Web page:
The cost of fuel has reached an all-time high, with the price of petrol costing £1.67 and the price of petrol costing £1.79 a litre, on average, according to the latest RAC figures.
For the first time, prices of petrol and diesel steadily declined during the pandemic as the demand for petroleum decreased globally and the ramped-up production of oil due to political disagreements meant that the international petroleum market was saturated.
Analysis compiled by the U.S Bureau of Labour Statistics describes how OPEC (Organization of the Petroleum Exporting Countries) members such as Iran, Saudi Arabia and the United Arab Emirates raised output by 1.7 million barrels per day in May 2020 following an unsuccessful meeting with Russia to cut production during a time of reduced need for petroleum.
It mentions, despite a 30-million-barrel decrease in the need for petroleum around the world, OPEC countries upped their production to 30.4 million barrels per day, the largest production jump since September 1990.
The saturation of the market coupled with reduced demand meant that drivers in the UK benefited from fuel prices last seen in April 2016.
In Britain, May 2020 saw the cheapest retail price of petrol and diesel in four years with petrol costing, on average, £1.04, and diesel £1.17 at the pumps. A year later, this price crept up to £1.27 for petrol and £1.31 for diesel.
For Ford Fiesta drivers – the most common car driven in the UK – the average price of petrol has risen from £43.08 to fill a 42-litre tank at the lowest price during the pandemic to £70.14, a 62.81% increase from May 2020 to now.
For bigger cars such as the BMW 5 Series, the jump is less at 51.69%, from £80.24 to fill a 68-litre diesel tank to £121.72.
After Christmas, the average cost of petrol stood at around £1.45 per litre, and £1.48 for diesel. In the space of ten weeks, it stood at £1.59 for petrol and £1.69 for diesel last Monday.
Fuel prices have increased because the wholesale price for crude oil, which is used in the manufacturing process for petrol and diesel has increased.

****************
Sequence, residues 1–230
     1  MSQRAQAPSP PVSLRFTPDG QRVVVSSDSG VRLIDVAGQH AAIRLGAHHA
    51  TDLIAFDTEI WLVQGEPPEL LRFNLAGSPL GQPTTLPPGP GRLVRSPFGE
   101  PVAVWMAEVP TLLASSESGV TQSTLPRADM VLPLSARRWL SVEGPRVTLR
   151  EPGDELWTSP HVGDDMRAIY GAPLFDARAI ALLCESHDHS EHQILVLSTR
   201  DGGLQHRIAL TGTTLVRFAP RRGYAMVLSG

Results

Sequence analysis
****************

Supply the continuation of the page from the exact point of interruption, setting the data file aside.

This is due to the growing demand for resources as the world “gets back to normal” following the pandemic and Russia’s invasion of Ukraine at the end of February.
Experts warn, despite Russia only accounting for 6% of UK imports of crude oil, economic sanctions imposed on the country by Western powers for its war in Ukraine has impacted the global crude oil market, pushing up the prices.
It comes at a time where Britons are facing a “cost of living crisis” – as home gas and electricity bills are set to soar on 1 April due to an increase in the energy price cap. This is coupled with low-interest rates, increased water bills, council tax on local levels, and a rise to national insurance from next month.
One way which is being favoured by the automotive industry to reduce the price at the pumps is to temporarily lower fuel duty whilst we wait for global production prices to drop. Currently, 57.95p out of every litre of fuel sold goes to the Government in tax.
Chancellor Rishi Sunak has hinted at temporarily slashing fuel duty by 5p a litre in his Spring Statement 2022 on Wednesday to help soften the blow to motorists.
RAC fuel spokesman Simon Williams said: “The window for pump prices to come down appears to have been well and truly closed, with both oil prices and therefore wholesale fuel costs once again rising after last week’s big drop, putting yet more pressure on households and businesses.
“In just the last week, the average cost of a litre of petrol has gone up 3.5p and diesel by a staggering 5.5p. Filling up a 55-litre family car now costs £91.86 for petrol and £98.43 for diesel.
“Drivers faced with spiralling costs when they fill up will undoubtedly be looking to the Chancellor to act in Wednesday’s Spring Statement, so suggestions fuel duty may be cut from its current level of 57.95p in every litre of fuel sold will be widely welcomed. While there has been talk of a 5p cut in fuel duty, this may not be deep enough to make a real difference to drivers who are facing the highest ever costs to fill their tanks.
“However, ensuring all drivers fairly and fully benefit from the fuel duty cut depends entirely on retailers reducing their prices and not using it as an opportunity to take a greater profit on every litre they sell. On the other hand, reducing VAT, which is a tax on a tax, prevents this from happening and would guarantee drivers benefit fully.”